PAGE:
The Mail Must Go Through: Professor’s Book Explores Arrangement Between Early Colonists and Native Americans
Sharing news in Colonial America was a difficult task; there was no postal service, no newspapers, and certainly none of the instantaneous messaging options we have today.
Katherine Grandjean, assistant professor of history, is an historian of early American and Native American history, American frontiers, English colonialism, and cultural encounters. Her new book, American Passage: The Communications Frontier in Early New England (Harvard University Press, 2015), explores an interesting intersection of these concepts -- the relationship between the colonists and the Native Americans who they recruited to carry precious messages across difficult terrain. Grandjean was recently featured in the Boston Globe’s Ideas section.
In researching the book, Grandjean compiled a database of nearly 3,000 letters from colonists to business partners, loved ones, and officials. According to Grandjean, understanding these relationships is crucial to painting a more accurate picture of colonial New England.
“What surprised me most, as I researched the book, was what a different picture emerged of early New England,” Grandjean said in an email. “New England has been familiar terrain for colonial historians for a very long time. In popular imagination, it's remembered as a place of orderly, insular Puritan villages, with Indians and everyone else pushed to the margins. But the reality was a lot messier than that. It was a fearful place. It was precarious. For many of its early years, it rested on white knuckles. The more you follow the flow of news, the more you start to see holes in the English landscape--and to see all of the struggles involved in settling.”
Colonial letters, she said, were often about war or some other alarming piece of news, but there were lighter correspondences, too. She said some of her favorites are the more personal, family letters. One she highlighted in the conversation with the Globe is reminiscent of present-day repeated messages of urgency sent via frantic text messages; however, unlike today, early American colonists did not have read-receipts.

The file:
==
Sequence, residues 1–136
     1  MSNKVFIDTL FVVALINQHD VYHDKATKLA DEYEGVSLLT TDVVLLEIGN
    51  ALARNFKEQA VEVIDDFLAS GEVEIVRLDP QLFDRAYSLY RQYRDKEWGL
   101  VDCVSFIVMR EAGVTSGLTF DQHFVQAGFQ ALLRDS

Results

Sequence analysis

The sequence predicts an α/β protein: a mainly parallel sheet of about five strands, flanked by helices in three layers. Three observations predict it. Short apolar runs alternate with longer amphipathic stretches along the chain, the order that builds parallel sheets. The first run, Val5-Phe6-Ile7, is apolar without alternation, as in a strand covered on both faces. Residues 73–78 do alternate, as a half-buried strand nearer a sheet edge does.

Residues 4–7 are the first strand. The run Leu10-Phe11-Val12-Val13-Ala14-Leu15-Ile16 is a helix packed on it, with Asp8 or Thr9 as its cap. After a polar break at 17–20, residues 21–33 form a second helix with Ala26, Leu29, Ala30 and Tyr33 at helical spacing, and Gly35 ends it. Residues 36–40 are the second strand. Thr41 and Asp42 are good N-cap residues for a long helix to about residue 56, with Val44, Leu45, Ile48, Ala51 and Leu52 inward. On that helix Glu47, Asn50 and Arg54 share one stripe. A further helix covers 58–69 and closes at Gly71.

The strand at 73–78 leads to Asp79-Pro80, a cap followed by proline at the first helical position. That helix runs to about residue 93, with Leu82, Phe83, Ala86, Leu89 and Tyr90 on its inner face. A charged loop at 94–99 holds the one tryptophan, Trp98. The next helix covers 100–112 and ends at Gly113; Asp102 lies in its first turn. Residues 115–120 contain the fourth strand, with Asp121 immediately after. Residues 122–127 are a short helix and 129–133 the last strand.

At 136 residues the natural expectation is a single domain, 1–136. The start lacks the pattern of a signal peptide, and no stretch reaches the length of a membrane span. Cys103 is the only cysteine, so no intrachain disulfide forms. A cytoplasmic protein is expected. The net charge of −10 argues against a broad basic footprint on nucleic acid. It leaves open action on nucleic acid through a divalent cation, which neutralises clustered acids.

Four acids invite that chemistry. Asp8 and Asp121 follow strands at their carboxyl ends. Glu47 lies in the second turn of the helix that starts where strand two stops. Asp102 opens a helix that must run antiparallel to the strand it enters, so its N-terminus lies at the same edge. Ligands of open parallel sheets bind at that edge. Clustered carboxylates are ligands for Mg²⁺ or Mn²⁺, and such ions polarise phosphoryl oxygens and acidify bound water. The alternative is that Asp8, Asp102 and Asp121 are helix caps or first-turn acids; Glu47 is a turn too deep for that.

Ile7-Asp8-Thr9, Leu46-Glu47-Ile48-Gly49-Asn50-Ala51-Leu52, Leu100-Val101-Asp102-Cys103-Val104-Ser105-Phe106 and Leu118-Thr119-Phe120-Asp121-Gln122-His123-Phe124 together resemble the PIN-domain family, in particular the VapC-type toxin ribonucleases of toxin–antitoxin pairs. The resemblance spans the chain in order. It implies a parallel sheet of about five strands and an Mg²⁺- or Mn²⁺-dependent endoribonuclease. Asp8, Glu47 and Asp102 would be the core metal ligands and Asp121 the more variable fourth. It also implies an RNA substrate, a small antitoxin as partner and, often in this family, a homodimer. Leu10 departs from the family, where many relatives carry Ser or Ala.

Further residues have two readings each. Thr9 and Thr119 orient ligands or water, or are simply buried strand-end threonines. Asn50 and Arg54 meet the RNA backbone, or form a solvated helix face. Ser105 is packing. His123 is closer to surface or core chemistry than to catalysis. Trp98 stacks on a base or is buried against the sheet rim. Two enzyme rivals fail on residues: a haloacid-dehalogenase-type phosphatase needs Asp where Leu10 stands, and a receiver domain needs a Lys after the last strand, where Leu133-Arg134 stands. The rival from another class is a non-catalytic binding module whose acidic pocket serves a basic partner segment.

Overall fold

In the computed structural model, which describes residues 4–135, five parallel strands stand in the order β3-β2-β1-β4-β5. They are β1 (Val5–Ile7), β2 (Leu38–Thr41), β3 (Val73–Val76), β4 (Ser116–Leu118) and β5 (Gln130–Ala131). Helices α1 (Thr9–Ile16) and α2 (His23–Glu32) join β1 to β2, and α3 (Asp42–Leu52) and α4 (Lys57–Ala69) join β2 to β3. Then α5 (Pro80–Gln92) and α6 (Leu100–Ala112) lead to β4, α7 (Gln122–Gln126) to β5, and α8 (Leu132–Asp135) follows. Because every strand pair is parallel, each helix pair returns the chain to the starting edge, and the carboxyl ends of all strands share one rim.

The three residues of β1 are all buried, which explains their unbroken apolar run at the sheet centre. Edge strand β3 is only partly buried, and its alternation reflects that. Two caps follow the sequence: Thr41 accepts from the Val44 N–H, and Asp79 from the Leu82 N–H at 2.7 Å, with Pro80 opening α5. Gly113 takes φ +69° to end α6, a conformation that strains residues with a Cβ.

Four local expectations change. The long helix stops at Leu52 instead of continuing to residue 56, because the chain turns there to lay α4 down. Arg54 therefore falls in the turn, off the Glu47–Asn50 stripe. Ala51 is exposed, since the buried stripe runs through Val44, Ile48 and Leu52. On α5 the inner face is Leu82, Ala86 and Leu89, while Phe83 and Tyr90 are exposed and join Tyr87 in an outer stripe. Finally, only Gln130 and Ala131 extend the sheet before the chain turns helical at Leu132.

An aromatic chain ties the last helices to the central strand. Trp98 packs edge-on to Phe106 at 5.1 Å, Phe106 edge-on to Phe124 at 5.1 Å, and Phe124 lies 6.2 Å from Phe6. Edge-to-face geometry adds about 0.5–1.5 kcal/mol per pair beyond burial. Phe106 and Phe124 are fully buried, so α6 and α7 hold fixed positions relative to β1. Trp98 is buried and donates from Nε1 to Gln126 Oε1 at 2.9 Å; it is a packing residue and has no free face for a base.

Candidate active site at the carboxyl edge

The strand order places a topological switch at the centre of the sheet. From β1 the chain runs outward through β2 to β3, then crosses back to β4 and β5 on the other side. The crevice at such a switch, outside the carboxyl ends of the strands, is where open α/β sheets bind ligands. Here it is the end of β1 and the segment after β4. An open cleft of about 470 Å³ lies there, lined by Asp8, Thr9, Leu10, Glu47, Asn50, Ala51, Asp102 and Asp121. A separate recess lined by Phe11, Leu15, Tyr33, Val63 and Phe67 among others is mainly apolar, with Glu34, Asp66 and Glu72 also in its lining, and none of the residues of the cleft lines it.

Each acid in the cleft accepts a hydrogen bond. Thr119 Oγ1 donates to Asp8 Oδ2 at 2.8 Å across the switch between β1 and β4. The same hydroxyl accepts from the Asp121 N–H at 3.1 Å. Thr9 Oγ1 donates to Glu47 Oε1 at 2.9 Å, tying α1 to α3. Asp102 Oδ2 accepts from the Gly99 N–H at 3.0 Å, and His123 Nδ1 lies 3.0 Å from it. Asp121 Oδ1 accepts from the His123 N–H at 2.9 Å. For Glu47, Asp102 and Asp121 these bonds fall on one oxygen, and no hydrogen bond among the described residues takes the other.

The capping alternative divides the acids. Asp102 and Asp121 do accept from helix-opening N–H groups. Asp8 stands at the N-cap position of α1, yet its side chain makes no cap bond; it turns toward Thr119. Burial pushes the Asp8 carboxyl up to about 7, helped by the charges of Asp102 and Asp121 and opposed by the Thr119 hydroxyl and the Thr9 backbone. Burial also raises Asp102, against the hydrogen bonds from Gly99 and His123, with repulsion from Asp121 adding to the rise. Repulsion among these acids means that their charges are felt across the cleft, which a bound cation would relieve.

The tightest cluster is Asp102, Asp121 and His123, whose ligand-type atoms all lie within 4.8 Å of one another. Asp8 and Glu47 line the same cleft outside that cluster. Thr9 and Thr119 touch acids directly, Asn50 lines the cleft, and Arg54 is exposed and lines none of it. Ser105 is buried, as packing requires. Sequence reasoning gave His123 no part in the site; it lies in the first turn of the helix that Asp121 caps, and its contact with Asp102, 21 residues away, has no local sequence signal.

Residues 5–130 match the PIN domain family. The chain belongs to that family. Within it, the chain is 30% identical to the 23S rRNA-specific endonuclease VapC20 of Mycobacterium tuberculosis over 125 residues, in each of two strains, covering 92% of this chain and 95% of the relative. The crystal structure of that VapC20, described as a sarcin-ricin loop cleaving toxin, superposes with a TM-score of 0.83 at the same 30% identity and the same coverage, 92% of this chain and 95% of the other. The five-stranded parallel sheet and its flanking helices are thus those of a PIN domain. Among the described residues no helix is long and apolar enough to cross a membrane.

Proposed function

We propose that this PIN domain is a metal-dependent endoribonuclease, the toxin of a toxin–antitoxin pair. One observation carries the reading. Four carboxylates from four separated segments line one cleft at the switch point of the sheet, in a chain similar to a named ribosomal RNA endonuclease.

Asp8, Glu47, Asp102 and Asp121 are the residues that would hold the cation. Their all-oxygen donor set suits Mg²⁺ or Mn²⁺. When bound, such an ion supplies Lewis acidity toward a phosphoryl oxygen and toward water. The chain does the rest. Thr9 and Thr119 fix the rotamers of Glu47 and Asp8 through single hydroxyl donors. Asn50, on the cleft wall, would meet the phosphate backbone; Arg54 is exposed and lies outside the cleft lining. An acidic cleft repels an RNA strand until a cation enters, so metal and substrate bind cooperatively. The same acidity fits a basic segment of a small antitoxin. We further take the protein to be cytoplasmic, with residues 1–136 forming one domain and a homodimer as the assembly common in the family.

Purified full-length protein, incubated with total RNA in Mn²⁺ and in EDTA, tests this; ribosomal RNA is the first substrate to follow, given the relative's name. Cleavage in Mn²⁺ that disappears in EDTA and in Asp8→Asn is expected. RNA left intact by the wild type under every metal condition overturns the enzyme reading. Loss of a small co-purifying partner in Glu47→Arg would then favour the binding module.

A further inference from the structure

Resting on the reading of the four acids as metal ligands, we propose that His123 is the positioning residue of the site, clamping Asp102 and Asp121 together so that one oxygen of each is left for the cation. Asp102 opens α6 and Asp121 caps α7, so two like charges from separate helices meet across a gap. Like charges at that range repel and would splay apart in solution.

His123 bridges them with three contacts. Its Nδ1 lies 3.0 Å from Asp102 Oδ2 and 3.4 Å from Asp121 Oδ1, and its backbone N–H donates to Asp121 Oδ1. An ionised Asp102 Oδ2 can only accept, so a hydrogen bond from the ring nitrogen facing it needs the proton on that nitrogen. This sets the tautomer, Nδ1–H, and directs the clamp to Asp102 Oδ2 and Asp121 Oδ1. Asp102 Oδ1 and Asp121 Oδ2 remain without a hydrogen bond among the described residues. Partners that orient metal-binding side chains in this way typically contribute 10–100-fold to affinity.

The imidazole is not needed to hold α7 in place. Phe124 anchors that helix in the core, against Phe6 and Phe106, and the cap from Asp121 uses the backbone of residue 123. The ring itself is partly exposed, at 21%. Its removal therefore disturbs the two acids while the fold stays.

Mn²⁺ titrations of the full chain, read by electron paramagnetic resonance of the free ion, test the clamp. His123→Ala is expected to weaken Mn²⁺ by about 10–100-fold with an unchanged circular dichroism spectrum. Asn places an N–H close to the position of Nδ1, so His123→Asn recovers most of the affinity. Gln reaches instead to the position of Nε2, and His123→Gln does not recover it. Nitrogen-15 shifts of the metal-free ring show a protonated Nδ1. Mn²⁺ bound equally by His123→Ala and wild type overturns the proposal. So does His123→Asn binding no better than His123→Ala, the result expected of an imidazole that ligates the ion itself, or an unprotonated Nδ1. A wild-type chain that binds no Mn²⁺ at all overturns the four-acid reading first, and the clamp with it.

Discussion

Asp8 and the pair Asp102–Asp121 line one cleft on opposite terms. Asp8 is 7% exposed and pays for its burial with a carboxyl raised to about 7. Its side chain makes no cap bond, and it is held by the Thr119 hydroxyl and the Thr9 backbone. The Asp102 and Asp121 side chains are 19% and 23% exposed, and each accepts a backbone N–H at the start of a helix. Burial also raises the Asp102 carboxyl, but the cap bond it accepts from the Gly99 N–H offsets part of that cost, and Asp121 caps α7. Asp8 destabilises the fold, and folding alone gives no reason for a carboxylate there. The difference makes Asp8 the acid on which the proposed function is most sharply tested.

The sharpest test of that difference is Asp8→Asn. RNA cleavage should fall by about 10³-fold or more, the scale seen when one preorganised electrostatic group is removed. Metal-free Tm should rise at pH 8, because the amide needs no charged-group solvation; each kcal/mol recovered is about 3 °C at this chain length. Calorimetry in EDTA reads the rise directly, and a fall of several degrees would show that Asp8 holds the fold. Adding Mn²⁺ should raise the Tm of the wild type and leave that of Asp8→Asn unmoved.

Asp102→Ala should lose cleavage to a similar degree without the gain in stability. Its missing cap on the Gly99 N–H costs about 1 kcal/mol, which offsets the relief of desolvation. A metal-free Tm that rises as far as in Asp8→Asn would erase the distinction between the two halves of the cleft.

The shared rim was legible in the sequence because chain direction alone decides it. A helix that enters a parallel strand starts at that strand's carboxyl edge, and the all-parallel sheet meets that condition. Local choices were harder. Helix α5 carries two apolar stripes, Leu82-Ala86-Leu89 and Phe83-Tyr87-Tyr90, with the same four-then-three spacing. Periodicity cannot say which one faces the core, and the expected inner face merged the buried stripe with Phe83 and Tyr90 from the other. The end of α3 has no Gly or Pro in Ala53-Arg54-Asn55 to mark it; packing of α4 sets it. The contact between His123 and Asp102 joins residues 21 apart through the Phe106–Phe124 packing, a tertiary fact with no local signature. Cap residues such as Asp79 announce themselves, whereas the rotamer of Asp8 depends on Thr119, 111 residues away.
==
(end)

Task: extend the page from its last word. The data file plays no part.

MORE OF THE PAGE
“One of my favorites is a very poignant exchange from the 1630s,” Grandjean said. “Mary Winthrop Dudley, who was pregnant and lived 30 miles from her family, wrote letters all winter pestering her stepmother to send various household goods. She needed soap. She needed cloth. She needed thread. She needed a child's chair. But her stepmother doesn't seem to have answered any of these dramatic pleas. So she eased her tone a bit and admitted, sheepishly, that she'd been sort of "troublesome" in demanding all of these things.”
Through writing American Passage, Grandjean reached a conclusion that brings light to a previously darkened sector of American history. “Settling New England was not just a matter of taking Native land, or of carving farms out of woods. It also meant mastering communication. It meant being able to travel the landscape, to build roads and to hire post riders. Colonists had to be able to send news, reliably, and it was a tremendous struggle. But it was a critical part of English expansion.”
Read the full interview Colonists sent letters by native American messengers, says new book in the Boston Globe Ideas section.
-Katelyn Campbell '17 contributed to this story.